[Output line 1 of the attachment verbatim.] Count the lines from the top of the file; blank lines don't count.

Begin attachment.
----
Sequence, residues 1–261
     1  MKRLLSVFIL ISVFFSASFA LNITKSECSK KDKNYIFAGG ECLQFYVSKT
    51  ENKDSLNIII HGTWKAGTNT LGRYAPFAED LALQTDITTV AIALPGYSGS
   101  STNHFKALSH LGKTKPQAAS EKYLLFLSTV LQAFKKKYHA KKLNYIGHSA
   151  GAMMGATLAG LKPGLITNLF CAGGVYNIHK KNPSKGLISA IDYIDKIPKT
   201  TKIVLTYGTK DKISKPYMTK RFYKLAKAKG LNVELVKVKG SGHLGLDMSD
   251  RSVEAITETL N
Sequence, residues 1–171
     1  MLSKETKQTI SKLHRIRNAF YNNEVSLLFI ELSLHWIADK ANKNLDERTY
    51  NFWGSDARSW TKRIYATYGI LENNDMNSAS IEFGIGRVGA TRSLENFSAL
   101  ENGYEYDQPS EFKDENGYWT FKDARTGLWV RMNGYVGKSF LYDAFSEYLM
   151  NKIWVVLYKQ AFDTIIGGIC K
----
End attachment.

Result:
Sequence, residues 1–261